There has been a lot of news coverage in Canada about a Colonel Williams whom was an aggressive fetishist and pervert who escalated his actions to assault and then murder. One article that provides some insights into the case is “Col. Williams posed for photos in women’s lingerie” By Maria Babbage at The Canadian Press. The Colonel being high up in the Canadian Forces, a man in good standing, married, and 47 years of age does not suggest what one would expect from a sexual deviant and murderer.
As such, it has raised many questions. What kind of psychological testing is in place currently to evaluate new recruits to the Canadian Forces and what if any tests are carried out in annual review of all members of the military? Are there ways to test for these kinds of things and if so why are they not being implemented on a constant basis?
Lets take a look at the answer to the above questions:
During military medical examinations, applicants are asked about problems with drug or alcohol abuse and any previous treatment by a psychiatrist, psychologist, or a social worker. Disclosures of past treatment are followed up, and details are obtained from the treating professional.
In most cases during recruitment and thereafter in the Canadian Forces, psychological testing is used only to help determine an individual’s aptitude for particular military occupations, not to assess psycho-social stability. By contrast, applicants for most civilian police forces undergo a series of psychological screening tests. Recruiters on the basis of the applicant’s behavioral and social history assess normally psychological fitness, in the sense of predisposition to abhorrent behaviour, subjectively. To this end, recruiters investigate applicants’ education, work experience, family and social relationships, criminal convictions, drug use, and debts.
Recruiters are not trained in the behavioral sciences, but guidelines for recognizing and assessing psychological warning signs are provided in the Recruiter’s Handbook for the Canadian Forces and various recruiting directives. Moreover, recruiters receive training from Canadian Forces personnel selection officers, who have at least a master’s degree in psychology, as well as specialized training and work experience. Personnel selection officers are also available to provide technical advice to recruiters and others in the personnel selection system in particular cases of concern, or on general issues. Furthermore, specific cases can be referred to a personnel selection officer where the recruiter has a doubt about an applicant’s psychological fitness.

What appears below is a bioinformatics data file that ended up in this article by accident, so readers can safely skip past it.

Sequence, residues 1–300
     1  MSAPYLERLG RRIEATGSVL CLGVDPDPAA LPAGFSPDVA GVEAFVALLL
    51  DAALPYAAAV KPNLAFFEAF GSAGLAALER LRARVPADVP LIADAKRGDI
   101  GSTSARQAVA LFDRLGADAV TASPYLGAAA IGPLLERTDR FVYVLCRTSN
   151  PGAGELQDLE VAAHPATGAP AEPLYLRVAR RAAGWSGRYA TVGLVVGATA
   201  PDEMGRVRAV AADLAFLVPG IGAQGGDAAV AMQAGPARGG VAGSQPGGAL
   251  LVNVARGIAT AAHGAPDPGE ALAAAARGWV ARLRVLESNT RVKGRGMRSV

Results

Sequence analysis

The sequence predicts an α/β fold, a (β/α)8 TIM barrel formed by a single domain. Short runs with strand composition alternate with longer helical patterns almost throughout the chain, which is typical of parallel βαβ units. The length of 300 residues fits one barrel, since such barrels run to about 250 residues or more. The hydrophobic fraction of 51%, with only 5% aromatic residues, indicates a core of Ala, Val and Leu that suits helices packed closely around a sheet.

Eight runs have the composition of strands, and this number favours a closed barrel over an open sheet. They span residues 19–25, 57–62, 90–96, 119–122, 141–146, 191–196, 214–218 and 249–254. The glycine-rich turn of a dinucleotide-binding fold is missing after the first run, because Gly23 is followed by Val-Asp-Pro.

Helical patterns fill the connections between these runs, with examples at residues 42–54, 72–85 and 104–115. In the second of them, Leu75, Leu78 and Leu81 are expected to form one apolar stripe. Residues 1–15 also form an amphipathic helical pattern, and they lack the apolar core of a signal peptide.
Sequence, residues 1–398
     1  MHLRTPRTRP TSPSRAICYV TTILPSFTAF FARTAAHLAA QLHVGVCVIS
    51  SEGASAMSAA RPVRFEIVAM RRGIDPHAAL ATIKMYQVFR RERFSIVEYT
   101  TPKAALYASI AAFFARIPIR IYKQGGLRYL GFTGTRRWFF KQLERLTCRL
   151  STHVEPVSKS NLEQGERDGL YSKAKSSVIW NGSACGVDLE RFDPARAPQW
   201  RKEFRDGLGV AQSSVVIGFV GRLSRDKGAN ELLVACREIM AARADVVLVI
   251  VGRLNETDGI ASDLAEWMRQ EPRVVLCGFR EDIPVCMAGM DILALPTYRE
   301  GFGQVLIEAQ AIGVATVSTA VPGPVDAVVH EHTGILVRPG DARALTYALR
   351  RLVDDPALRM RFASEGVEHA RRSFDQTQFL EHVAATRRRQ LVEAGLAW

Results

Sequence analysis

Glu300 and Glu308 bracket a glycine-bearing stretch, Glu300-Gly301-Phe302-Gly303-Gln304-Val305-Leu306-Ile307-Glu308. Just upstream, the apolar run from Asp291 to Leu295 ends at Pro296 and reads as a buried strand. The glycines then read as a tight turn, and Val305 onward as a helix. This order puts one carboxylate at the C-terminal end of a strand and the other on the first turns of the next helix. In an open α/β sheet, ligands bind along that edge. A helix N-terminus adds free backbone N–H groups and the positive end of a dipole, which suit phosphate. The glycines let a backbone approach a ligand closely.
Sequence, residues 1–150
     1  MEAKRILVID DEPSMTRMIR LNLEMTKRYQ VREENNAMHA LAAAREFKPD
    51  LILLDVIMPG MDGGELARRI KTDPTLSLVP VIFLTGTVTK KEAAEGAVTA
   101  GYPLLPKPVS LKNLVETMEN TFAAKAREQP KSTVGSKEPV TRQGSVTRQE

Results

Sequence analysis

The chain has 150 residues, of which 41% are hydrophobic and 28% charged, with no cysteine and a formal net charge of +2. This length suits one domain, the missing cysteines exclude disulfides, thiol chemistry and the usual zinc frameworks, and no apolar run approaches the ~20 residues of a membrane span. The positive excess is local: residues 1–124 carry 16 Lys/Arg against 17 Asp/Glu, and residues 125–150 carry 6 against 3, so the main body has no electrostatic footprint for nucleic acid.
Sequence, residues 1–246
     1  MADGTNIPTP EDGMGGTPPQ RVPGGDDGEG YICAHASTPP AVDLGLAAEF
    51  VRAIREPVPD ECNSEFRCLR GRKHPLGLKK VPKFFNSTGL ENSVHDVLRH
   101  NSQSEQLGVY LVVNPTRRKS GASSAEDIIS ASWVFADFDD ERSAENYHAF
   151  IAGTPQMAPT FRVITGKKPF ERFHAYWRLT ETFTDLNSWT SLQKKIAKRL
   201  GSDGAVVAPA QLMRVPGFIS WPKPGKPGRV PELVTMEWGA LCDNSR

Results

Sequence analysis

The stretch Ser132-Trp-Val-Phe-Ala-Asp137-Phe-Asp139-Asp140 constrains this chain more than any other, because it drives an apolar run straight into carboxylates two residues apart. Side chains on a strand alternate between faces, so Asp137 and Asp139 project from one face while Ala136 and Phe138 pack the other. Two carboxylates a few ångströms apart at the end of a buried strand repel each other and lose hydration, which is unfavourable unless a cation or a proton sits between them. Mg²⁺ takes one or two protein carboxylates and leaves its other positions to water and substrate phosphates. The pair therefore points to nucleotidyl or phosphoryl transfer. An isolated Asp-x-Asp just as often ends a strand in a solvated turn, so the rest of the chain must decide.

However there is no routine psychological assessment done in Canadian Forces, only full scale testing is performed if an officer is referred with psychological issues in which case a number of tests are performed:
A) Personality Assessment Inventory (PAI)
B) Minnesota Multiphasic Personality Inventory-2 (MMPI-2)
C) Millon Clinical Multiaxial Inventory-III (MCM-lll)
A) Clinician-administered PTSD Scale (CAPS) if applicable, or
B) Structured Clinical Interview for the DSM-IV-TR (SCID)
There are many problems with this system. If a deviant has a spotless record they could easily manipulate the process and advance through the entire process unscathed and without suspicion. Psychological evaluations are only performed in the most necessary cases and even the tests performed at that point offer a consciously based response model; the applicant could still lie and pass through.
So this means the military’s applicant screening system and annual reporting / evaluations are exposed to holes at a psychological level. Would you want your country to be represented by an army or naval officer who has over pronounced violent tendencies, has very weak mental fortitude, prone to serious depression, or deep seated suicidal tendencies? The list goes on.
So far there is no reliable system in place here to avoid these kinds of events. Even if there was one it would be required to perform and report extremely fast, collect infallibly accurate results, be able to screen applicants en masse, implementation ready, and evolve with the needs of the Canadian Forces potential applicants and current personnel.
At Northam Psychotechnologies we have such a tool. A version of one of our current tools, the PASSTool, utilizing SSRM Technology developed at NPT could potentially be implemented into the current system bringing a safety to the military they have never before seen. Any topic could be tested for. The technology is a simple game that could be performed in 15 minutes with little to no instruction providing results immediately. The game tests the applicant’s subconscious mind, which cannot lie, providing a false-positive rate of only 0.3%, serious accuracy. The test can be performed on any PC computer anywhere. The test could fit into the current system screening every new recruit and all current personnel once a year to evaluate and maintain. With this kind of technology in use people like Col. Williams would not have been allowed into the military and perhaps not given the opportunity to commit such crimes.